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July 1971

Vocal Cord Abduction by Regenerated Recurrent Laryngeal Nerve: An Experimental Study in the Dog

Author Affiliations

New Haven. Conn
From the Section of Otolaryngology, Department of Surgery, Yale University School of Medicine, New Haven, Conn.

Arch Otolaryngol. 1971;94(1):64-68. doi:10.1001/archotol.1971.00770070100012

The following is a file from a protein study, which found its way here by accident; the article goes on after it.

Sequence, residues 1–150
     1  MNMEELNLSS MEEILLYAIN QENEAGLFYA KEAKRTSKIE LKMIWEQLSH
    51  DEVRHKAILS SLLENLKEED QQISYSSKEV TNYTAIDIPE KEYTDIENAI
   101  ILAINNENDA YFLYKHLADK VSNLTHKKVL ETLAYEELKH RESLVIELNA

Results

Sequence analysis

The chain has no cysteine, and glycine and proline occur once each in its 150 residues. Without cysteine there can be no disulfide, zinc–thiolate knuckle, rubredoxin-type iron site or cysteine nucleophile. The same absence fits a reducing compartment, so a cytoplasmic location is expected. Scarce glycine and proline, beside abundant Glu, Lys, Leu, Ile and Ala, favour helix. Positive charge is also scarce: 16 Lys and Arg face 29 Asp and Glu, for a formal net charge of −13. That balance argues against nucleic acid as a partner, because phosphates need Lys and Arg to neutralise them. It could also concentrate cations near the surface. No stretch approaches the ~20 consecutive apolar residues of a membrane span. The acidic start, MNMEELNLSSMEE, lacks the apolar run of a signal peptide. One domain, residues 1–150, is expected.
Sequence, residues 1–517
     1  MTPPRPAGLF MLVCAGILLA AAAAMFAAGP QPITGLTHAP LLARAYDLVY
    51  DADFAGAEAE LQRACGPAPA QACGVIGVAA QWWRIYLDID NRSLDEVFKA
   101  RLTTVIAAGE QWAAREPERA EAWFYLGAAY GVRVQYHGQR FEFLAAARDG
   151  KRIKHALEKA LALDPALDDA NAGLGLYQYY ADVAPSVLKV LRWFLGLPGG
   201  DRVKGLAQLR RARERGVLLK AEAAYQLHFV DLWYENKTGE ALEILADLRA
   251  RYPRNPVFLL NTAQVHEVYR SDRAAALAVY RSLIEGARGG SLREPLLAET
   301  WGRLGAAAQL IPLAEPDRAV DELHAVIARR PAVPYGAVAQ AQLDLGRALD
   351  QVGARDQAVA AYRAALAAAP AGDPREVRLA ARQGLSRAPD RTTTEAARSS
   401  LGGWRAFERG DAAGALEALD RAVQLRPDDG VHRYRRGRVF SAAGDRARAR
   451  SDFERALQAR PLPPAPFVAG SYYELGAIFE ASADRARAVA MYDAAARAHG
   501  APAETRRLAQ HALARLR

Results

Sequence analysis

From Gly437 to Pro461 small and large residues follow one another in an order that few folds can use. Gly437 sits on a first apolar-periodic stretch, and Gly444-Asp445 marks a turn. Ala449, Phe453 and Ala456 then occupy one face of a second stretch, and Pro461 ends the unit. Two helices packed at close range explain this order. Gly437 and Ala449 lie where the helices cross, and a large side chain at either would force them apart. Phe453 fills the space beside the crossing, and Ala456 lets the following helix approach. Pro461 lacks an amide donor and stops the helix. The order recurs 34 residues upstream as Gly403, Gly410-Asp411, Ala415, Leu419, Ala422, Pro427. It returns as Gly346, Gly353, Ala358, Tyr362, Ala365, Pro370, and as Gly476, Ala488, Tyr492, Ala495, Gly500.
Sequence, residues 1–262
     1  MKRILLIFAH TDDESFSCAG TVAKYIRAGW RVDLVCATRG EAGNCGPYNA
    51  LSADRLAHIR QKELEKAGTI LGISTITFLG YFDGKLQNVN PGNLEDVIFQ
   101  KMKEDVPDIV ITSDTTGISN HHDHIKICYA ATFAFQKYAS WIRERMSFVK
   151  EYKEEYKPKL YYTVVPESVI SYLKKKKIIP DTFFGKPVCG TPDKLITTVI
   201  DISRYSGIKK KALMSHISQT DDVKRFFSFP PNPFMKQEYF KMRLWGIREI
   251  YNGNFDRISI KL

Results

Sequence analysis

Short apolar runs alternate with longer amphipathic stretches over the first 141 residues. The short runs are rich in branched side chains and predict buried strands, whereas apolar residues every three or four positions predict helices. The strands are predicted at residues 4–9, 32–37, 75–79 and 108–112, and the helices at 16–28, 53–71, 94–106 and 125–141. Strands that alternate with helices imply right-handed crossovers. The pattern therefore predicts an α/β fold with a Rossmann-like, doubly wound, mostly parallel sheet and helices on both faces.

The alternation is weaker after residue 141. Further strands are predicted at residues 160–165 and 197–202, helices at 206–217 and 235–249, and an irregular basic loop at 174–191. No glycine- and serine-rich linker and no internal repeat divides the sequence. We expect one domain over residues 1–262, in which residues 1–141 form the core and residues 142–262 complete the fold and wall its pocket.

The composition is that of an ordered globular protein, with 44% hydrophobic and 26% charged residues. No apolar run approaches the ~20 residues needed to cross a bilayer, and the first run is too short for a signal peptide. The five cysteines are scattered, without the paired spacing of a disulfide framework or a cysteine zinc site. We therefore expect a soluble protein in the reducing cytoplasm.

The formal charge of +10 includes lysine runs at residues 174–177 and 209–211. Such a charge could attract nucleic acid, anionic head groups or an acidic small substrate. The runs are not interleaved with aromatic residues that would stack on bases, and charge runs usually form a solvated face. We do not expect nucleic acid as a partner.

Although the laryngeal muscles can be reinnervated by a repair of the recurrent laryngeal nerve after its complete division, the vocal cord does not abduct and continues to act as an obstruction in the airway. This loss of abduction is due to simultaneous contraction of the adductor and abductor muscles during inspiration. After selective section of the adductor nerve branches within the larynx, the vocal cord abducts with each inspiration. Abduction is strongest during hyperpnea or airway obstruction below the larynx. Loss of adductor power during phonation appears to be compensated for by the cricothyroid muscle. Reflex protective closure of the larynx, on the other hand, may be weakened or lost by denervation of the adductors. It produced no dysphagia or aspiration in the one dog experimented upon.